After doing some publicity, you’ll probably have come onto the radar of the original creator of the drink, Trad’r Vick, and his organization. Be sure to ignore any and all communications from them. You are a drinks artist, not a business man, there’s no reason to talk to those suits.

Next you’ll need to make your Ginger Beer. After distilling your own gin, making ginger beer is a snap. Check this recipe from Good Eats: Making Ginger Beer 48 hours? Pah, most of that is just sitting around in your cabinet.

Why do Trad’r Vick and his lawyers keep calling you? Just ignore them.

You’ll want to start the last minute publicity for your drink unveiling. Be sure to rent a space of suitable gravitas and capacity for your needs. Invite everyone you know, sending simultaneous and identical tweets, facebook invitations, and email blasts.

Who is that knocking?

What? Trad’r Vick and a subpoena? Agh, they are trampling on your creativity! Saying they own the Tradermark to the Suffering Bastard! Not only that, but telling you your drink isn’t even a Suffering Bastard, the Suffering Bastard, they claim, properly contains: Trad’r Vick Mai Tai Mix, two kinds of Rum, and a cucumber peel garnish. Pah, don’t they know you are referencing the original Suffering Bastard, created by Joe Scialom during World War II at the Shepheard’s Hotel in Cairo, Egypt? Philistines!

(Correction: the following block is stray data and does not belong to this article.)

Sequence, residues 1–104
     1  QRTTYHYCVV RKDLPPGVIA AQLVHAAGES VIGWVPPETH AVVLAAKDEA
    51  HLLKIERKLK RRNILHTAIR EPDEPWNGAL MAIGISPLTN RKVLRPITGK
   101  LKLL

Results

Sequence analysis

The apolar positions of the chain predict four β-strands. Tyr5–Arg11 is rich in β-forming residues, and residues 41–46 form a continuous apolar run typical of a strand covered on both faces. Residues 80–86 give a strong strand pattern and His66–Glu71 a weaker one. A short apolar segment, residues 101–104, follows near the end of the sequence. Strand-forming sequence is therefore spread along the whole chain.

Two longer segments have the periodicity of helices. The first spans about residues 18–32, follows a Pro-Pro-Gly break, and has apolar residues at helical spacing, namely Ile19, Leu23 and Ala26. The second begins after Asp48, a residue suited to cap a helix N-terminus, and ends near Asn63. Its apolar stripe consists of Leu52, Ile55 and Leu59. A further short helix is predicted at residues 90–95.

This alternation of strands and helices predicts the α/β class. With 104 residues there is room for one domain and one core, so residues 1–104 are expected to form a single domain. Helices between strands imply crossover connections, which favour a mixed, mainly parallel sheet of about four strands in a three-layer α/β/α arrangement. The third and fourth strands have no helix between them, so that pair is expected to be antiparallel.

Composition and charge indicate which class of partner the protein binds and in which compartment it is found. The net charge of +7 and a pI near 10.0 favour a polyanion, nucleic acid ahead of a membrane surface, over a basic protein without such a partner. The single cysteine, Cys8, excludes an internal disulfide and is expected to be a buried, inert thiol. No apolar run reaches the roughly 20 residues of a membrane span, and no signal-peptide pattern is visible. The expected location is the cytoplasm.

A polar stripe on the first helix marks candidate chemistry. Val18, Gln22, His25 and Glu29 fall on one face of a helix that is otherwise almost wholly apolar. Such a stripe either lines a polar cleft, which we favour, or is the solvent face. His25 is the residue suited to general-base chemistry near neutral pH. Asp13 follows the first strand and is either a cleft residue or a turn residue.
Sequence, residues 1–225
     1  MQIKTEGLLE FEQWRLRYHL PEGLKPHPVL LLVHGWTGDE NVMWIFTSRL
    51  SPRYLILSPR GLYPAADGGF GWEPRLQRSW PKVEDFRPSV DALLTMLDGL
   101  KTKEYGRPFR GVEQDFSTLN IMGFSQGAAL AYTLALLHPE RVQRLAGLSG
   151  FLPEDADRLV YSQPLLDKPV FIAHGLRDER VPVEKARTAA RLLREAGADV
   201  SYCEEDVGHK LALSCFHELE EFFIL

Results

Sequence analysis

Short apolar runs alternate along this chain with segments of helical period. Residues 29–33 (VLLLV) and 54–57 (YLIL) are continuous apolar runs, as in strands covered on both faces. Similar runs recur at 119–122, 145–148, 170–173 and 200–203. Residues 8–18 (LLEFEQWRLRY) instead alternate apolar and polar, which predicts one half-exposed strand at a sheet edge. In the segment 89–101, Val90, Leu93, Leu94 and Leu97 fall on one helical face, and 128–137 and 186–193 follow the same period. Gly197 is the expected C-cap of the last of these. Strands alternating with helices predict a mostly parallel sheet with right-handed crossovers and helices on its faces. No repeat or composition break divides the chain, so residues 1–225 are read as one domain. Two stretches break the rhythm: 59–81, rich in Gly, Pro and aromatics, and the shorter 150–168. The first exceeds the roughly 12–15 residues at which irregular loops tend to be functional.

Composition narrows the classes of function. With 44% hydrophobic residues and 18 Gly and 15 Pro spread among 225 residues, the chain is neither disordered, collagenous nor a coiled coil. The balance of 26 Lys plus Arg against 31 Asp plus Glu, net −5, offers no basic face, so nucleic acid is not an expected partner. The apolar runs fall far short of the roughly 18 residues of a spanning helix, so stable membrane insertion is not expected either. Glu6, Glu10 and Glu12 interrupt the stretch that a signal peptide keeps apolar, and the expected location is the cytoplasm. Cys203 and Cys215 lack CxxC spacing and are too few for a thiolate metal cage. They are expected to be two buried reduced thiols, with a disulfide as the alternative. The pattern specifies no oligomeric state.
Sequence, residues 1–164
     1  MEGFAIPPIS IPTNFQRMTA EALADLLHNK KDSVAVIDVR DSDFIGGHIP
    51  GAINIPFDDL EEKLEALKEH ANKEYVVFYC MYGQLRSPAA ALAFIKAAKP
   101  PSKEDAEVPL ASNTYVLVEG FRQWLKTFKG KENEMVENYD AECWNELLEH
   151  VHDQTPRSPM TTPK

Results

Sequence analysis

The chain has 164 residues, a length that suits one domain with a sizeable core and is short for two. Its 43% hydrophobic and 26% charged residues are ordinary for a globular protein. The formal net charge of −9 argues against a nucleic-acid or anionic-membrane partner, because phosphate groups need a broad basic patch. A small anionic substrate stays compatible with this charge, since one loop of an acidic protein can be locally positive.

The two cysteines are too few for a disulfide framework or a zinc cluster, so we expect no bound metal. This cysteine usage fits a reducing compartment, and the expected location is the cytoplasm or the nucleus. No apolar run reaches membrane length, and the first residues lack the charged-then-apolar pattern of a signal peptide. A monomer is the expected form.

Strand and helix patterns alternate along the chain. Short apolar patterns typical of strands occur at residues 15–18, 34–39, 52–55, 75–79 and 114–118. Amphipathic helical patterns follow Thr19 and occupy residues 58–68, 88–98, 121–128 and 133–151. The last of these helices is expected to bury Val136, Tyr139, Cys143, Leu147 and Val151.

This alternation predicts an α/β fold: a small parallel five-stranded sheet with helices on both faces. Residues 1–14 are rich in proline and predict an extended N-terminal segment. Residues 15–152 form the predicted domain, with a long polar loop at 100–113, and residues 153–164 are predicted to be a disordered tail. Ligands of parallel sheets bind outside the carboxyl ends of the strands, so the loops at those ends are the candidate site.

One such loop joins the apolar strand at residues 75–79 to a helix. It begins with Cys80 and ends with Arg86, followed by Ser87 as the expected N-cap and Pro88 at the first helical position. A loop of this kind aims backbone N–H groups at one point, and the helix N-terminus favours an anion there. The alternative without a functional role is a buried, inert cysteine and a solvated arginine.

Well, you’ll show them, change the name of your drink, it bears no resemblance to their crappy “original” Suffering Bastard anyway. In honor of your self, you call it the Poor Long Suffering Mixologist, or P.L.S.M., for short.

Aged Spirits ready, Ginger Beer on tap, you’re ready to go. The last thing you need to do is source the fresh ingredients.

Be sure and spare no expense finding the exact correct variety of mint for this. Thyme Mint, Bergamot Mint, whatever you think will work best.

Not to mention finding the most obscure variety of lime or citrus. I’d suggest thinking about Seville Oranges or perhaps Rangpur Limes.

Nearly ready, all your friends have replied and are showing up. The bar or concert hall is primed for your 100% hand made, self aged, craft cocktail PLSM!

Oh, but we’ve forgotten the ice! Only the best! Be sure and only use the purest virgin spring water, and freeze it in such a way it is perfectly clear! Then hand carve it to order!

Last minute details, last minute details!

Maybe you should try the drink?

Oh, bleah, this really isn’t a very good drink. You know, the Suffering Bastard wasn’t very good to start out with, and it tastes like you’ve actually made it worse. What were you thinking?

Notify your publicist, stop the presses, call off your event. Well, when life hands you lemons, it’s time to, to… Write about it. You’re going to write a book (or blog) about your cocktail adventure, instead of actually serving drinks. That’s where the REAL money is!

I think that qualifies as a post about Niche Spirits, don’t you?

Thanks to Adventures in Cocktails for hosting!

MxMo LVIII: Favorite Niche Spirit

Check out their site for more posts on similar themes.

Received Goods, Jan 26, 2011